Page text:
For Anna Lee, this year has been the worst year she can remember finding a job in China. It was even more difficult than during the pandemic.
“I have been applying for jobs for about six months. added that they are often unable to live.
Five years ago, China’s economy was growing fast enough that many graduates were able to land good jobs. Now, six months after officials began rolling back President Xi Jinping’s draconian zero-corona regime, the pace of the country’s economic recovery has not picked up, and the outlook is so uncertain.
Industrial production and profits, property sales and credit growth all fell short of analyst forecasts in April and early May, eroding confidence in the world’s second-largest economy’s growth prospects, according to recent data. .
The slowdown has already hit the market, with prices of commodities such as copper and iron ore falling, stocks falling and the yuan falling above $7 to the dollar. Consumer spending, which initially surged after the easing of COVID-19 measures at the beginning of the year, has also receded on the bleak economic outlook.
“Confidence is a big issue,” said Hui Xiang, chief China economist at Goldman Sachs. “Consumers are worried about the future and don’t want to spend too much. Private investment is also very weak.
The tremor has adopted a conciliatory tone by Chinese policymakers in hopes of boosting business confidence to restart the country’s economic engine after three years of restrictions due to the pandemic. It happened just a few months later.
It is also cautious after last year’s disappointing performance, which saw economic growth slow to a multi-decade low of just 3% amid sporadic lockdowns, property market collapses and travel restrictions. It also revealed growth forecasts. The year got off to a good start, with gross domestic product (GDP) expanding 4.5% in the three months to March on the strength of exports and retail sales.
But the outlook has weakened in recent weeks, with signs of weakness, especially in the real estate market. Sales in April fell to 63% of 2019 levels, down from 95% in March, according to research firm Gabecal.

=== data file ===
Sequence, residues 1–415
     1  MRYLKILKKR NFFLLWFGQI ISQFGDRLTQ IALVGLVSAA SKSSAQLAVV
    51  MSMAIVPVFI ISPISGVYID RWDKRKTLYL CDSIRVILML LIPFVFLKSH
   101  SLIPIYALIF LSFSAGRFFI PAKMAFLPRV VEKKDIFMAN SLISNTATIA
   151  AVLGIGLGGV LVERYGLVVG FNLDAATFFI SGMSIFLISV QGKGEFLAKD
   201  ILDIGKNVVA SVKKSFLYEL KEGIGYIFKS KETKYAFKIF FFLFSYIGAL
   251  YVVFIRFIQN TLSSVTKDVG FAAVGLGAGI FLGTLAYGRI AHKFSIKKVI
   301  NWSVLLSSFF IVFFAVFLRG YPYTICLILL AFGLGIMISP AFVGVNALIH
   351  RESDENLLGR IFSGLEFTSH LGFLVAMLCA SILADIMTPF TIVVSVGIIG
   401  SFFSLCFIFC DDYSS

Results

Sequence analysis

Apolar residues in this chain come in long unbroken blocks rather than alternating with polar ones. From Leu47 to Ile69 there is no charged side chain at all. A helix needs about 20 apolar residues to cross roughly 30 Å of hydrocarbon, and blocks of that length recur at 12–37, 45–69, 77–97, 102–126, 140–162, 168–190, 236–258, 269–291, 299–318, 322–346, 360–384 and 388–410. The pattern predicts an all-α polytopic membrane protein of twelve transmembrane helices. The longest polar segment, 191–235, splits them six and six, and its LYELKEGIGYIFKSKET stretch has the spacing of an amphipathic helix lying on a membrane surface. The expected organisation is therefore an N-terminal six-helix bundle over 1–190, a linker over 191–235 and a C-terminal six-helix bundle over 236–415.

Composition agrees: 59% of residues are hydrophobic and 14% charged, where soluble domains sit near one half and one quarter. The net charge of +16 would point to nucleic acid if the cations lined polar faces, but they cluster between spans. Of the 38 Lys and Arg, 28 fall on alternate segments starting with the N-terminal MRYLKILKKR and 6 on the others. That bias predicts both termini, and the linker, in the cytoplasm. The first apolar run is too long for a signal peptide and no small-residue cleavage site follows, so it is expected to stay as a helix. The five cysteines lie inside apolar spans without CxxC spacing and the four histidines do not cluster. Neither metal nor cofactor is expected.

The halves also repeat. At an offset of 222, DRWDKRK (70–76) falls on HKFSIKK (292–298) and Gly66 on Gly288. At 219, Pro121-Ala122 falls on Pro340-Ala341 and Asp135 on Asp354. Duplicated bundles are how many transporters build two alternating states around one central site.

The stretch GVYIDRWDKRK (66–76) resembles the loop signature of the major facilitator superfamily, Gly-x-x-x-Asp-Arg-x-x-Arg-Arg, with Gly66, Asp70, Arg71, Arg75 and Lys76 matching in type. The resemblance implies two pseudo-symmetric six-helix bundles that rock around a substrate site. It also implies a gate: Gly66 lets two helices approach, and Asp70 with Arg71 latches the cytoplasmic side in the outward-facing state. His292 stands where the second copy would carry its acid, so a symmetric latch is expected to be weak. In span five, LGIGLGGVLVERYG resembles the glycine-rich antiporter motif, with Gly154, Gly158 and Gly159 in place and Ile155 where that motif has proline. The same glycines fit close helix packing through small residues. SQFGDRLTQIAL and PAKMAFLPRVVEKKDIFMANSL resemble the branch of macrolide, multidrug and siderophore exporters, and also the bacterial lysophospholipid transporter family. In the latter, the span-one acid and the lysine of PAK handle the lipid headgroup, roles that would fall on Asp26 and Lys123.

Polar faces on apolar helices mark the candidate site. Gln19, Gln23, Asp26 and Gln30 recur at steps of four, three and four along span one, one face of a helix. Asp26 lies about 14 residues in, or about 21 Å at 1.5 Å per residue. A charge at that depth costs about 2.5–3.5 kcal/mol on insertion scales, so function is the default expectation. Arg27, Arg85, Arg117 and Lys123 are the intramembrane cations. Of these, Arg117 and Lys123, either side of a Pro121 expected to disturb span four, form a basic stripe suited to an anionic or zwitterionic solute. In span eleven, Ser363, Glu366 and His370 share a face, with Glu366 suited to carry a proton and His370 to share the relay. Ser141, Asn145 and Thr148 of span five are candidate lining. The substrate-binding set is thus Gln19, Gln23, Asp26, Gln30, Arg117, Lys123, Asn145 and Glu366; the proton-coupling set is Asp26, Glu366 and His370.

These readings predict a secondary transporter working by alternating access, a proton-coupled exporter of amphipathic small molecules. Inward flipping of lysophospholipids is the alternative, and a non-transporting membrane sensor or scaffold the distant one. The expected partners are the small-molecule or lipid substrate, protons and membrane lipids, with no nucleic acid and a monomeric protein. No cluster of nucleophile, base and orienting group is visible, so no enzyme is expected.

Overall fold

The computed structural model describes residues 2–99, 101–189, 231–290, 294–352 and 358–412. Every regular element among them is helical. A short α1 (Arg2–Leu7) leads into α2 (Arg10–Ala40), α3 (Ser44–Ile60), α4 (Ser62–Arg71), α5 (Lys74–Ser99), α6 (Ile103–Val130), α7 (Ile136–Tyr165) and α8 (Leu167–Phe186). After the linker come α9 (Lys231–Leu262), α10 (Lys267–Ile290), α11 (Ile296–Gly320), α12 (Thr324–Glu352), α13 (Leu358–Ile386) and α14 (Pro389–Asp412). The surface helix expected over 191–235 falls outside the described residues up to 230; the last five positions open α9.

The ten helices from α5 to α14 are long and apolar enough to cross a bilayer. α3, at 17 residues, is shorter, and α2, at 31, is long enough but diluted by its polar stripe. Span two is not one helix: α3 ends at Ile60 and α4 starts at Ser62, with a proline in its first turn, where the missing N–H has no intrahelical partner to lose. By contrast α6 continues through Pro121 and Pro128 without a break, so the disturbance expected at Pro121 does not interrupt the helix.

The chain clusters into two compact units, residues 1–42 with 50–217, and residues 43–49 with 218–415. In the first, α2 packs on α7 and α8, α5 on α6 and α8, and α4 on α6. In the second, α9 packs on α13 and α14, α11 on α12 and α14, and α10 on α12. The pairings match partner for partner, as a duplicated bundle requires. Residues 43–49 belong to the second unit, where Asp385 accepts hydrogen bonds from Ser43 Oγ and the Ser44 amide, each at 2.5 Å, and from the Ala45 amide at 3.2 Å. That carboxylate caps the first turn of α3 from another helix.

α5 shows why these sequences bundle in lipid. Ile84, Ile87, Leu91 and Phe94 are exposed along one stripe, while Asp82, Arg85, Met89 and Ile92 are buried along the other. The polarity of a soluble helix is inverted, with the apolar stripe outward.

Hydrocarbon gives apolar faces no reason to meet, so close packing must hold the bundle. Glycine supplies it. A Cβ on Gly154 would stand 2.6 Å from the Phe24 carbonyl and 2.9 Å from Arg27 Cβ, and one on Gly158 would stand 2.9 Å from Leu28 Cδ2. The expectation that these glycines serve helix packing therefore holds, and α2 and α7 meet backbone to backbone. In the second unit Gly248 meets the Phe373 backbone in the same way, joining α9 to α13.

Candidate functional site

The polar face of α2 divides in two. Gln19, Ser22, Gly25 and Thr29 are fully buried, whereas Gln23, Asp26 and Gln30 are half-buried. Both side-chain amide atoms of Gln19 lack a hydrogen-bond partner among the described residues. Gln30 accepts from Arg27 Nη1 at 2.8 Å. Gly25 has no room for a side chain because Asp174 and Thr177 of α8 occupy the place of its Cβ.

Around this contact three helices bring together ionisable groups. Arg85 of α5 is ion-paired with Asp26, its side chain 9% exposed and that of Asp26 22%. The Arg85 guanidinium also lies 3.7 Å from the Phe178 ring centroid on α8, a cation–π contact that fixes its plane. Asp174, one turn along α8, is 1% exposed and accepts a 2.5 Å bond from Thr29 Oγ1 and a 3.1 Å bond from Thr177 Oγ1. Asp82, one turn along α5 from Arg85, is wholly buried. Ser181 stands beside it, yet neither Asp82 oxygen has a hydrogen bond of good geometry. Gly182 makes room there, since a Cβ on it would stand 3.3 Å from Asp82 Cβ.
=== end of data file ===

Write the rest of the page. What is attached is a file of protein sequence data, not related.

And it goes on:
Property problems also spilled over into industrial production, which fell in April compared to the seasonally adjusted 2019 figure as demand for cement, glass and other products fell. Household consumption, one of the main drivers of the recovery, has also lost momentum.
The waning momentum has pushed youth unemployment to a record 20.4% last month.
But while youth unemployment has become a symbol of China’s economic crisis, the picture in the broader labor market is more nuanced, economists said.
The key unemployment rate actually fell to 5.2% in April, according to Citi, and employment of migrant workers in Chinese factories rose 3.1% in the first quarter from pre-coronavirus levels.
Some analysts said the broader job market was gaining strength and there remained hope that consumption and property would rebound in the coming months.
“The consumption recovery engine is alive and well,” Gabekal said.
Robin Xin, chief China economist at Morgan Stanley, said the question for Chinese policymakers is whether the recent downturn is a “problem” or whether the government needs to step in with more support. Stated.
Singh said authorities will monitor factory activity over the next two months before making a decision. Stimulus measures could take the form of targeted subsidies for vehicle purchases, relaxed restrictions on property purchases, and funding for infrastructure projects.
China’s 5% full-year growth target for 2023 is still on track, given the low base from last year when authorities shut down China’s biggest city, Shanghai, and other big cities for months, experts said. We expect it to be possible.
Morgan Stanley’s Singh said the government would not allow growth to fall below that level, which risks increasing long-term unemployment and causing social problems. “Social stability is a big constraint,” he says.
Whatever the direction of policy, it looks set to be a dark year for China’s youth. Analysts say shifts in government priorities, including a shift to engineering and electronic hardware manufacturing, away from finance and internet platforms, are already transforming the labor market and throwing many graduates off their feet. It says.
Christina Liu, a student in her 20s from southern Hunan, decided to pursue a PhD after completing her master’s degree but unable to find a job. She is studying in Hong Kong, but many of her friends are having trouble finding or changing jobs for her, she said.
“Some people wanted to quit, but they don’t have the courage to quit unless they already have another job,” Liu said.
Additional reporting by Wang Xueqiao from Shanghai